I have previously written about the buzzwords everyone in the corporate world hates, but this took a tangent last week when I was having a coffee with Natalie Peters, a HR manager from Telstra Consumer.
The conversation shifted to the language we use in the modern workforce, and Nat commented that one of the things she still finds difficult to understand is the incessant use in the workplace of "war words".
"Why do we even need to use words like execute, blunt instrument and war room?" she asked me. "Words like these create the psyche that we're at war with each other. To me, work should be a place where employees want to go and collaborate. Not a place to go and hit each other with blunt instruments or wipe each other out."
The conversation got me thinking, too. Phrases like 'smash through the opposition', 'killing it', 'guerrilla marketing' and 'bleeding edge', rolling off managers' tongues without any consideration of what these words or metaphors actually convey.
Two days later I was preparing to deliver a workshop for a large Australian bank and while I was being escorted to the training room, I walked past a senior executive's office. There, a beautifully framed quote on the wall from Sun Tzu reads: "Victorious warriors win first and then go to war, while defeated warriors go to war first and then seek to win".
Do many leaders think we really are at war? Have we replaced battlefields with boardrooms and P&L reports? Have we exchanged guns and other weapons for verbal bullets in the form of war metaphors?
Countless management books quote military language and war heroes like Winston Churchill and George S Patton. In a recent artcle in the Harvard Business Review called The New Employer-Employee Compact, LinkedIn co-founder Reid Hoffman urges employers to rethink employee tenures as "tours of duty".
Heeding the battle call
Come on Reid, I am a huge fan of LinkedIn and I like the concept of putting employees on two-to-four-year contracts that are reviewed by both parties before renewing again. But does rephrasing employment contracts with terms like "tour of duty" really make employment seem engaging and exciting?
Words and phrases once specifically associated with combat on the Western Front are still a big part of our common language. In an article in the New York Times, A.O. Scott writes: "We barely recognise 'in the trenches', 'no man's land' or 'over the top' as figures of speech, much less as images that evoke what was once a novel form of organised mass death."
What are these words doing to our brains?
A 2007 study by Alzbeta Talarovicova looked at what negative words do to our brains. "If I were to put you into an fMRI scanner — a huge donut-shaped magnet that can take a video of the neural changes happening in your brain — and flash the word "NO" for less than one second, you'd see a sudden release of dozens of stress-producing hormones and neurotransmitters," she wrote. "These chemicals immediately interrupt the normal functioning of your brain, impairing logic, reason, language processing, and communication.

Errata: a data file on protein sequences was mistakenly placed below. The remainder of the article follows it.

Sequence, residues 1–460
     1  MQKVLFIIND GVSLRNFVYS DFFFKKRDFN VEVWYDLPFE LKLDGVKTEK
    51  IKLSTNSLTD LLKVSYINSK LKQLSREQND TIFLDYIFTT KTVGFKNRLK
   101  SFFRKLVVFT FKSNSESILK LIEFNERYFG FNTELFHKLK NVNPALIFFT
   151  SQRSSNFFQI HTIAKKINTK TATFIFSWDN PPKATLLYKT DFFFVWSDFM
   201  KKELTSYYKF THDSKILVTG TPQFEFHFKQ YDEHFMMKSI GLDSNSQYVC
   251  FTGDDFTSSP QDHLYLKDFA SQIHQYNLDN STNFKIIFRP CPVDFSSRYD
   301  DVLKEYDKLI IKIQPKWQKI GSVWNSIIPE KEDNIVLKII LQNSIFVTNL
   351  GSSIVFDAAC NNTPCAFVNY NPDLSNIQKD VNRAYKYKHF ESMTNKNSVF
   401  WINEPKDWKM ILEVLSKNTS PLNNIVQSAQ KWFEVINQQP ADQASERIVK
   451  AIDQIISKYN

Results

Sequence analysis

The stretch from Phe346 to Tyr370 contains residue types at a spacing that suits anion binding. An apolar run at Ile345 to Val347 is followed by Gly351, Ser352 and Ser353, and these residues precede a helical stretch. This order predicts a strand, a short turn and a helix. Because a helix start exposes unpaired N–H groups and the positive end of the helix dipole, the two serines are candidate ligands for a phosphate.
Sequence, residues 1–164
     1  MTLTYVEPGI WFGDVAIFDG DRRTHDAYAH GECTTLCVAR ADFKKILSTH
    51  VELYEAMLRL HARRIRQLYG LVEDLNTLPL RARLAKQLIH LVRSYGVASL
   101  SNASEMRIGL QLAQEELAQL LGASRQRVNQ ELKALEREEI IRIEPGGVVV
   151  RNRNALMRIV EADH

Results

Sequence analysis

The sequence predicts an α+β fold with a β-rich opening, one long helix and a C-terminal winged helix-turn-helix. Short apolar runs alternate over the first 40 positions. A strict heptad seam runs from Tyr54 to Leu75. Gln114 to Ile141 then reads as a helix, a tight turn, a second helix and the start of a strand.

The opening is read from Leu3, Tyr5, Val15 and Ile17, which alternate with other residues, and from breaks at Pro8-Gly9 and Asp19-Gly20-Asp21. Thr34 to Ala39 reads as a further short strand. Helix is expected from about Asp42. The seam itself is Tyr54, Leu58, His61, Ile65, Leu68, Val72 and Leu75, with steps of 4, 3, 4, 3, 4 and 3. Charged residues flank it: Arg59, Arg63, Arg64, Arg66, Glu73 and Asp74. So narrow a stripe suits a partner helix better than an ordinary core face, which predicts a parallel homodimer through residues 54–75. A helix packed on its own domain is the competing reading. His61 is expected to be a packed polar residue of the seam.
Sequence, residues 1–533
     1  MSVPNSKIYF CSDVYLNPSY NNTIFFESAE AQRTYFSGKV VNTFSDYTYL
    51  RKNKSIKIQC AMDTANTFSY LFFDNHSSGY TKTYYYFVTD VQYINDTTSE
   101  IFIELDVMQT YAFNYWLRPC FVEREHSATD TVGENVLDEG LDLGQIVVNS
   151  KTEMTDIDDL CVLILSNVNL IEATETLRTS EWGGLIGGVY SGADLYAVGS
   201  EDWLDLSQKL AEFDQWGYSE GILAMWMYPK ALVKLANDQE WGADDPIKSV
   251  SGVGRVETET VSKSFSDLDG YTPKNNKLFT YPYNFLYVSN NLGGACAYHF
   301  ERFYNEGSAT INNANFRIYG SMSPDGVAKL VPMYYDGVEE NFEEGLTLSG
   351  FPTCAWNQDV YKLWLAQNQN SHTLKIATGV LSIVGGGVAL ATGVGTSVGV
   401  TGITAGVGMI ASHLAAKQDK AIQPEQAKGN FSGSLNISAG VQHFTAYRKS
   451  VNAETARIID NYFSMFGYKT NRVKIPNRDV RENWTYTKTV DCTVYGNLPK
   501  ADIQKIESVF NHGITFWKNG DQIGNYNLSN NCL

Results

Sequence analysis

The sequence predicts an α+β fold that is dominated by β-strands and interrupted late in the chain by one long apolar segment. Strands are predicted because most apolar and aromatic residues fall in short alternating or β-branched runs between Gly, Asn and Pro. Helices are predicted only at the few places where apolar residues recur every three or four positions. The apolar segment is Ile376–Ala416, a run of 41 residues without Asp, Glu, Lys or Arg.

"In fact, just seeing a list of negative words for a few seconds will make a highly anxious or depressed person feel worse, and the more you ruminate on them, the more you can actually damage key structures that regulate your memory, feelings and emotions. You'll disrupt your sleep, your appetite, and your ability to experience long-term happiness and satisfaction."
Kamal Sarma, the CEO of leadership coaching firm Rezilium and author of Win Win Conversations, works with leaders to help them reshape the language they use.
"Business was very much developed around war models, with war metaphors and words like deadlines and routing the enemy," Sarma says. "As a metaphor this is great, but it is not the right metaphor when you want to have great people who are highly engaged and driving value for the organisation. They are also definitely the wrong words to use if you want highly engaged customers.
"It is very important business leaders are aware of both the metaphors and the language they create in an organisation. We have spent the last 12 years researching why we use destructive and domination language in a world where people want to feel equal and inspired."
Sarma's research highlights the reason most people use these types of words is they have grown up hearing them at school and at home.
Here's a quick ready reckoner to help you (or your manager) translate war words into normal, everyday language:
Execute: No firing lines in the workforce please; let's 'implement' instead
Blunt instrument: Keep heavy objects with a flat or round end as a weapon out of the boardroom; replace with 'using force'
War room: Leave these for soldiers; instead set up an 'operations centre'
Militant: Replace with 'aggressive'
Burning platform: Part of business lexicon for all change managers, it seems; replace with 'challenge' or 'potential crisis'
Deadlines: People aren't dying; let's use 'deliverable' instead
In the trenches: Another one to leave to the soldiers; instead talk about 'experience'
Killing it: Doesn't sound that good for our neurons any more does it? Try 'amazing results'
We don't think enough about the language we use everyday in the office and we also tend to replicate the words of other people we work with. Leaders of a bank I have worked with love the word 'burning platform'; a company I did some work for last year seemingly teaches its employees at induction to use 'taxonomy' daily; and I know a building company that must be remunerating its leaders on the number of times they can roll out 'execute' and 'in the trenches'.
Start to take notice of how many war words you or your managers use on a daily basis and try substituting them for more positive, engaging words. See if you notice a difference in the way you interact.
What 'war words' do you use without thinking about it? What words should be banned from your workplace?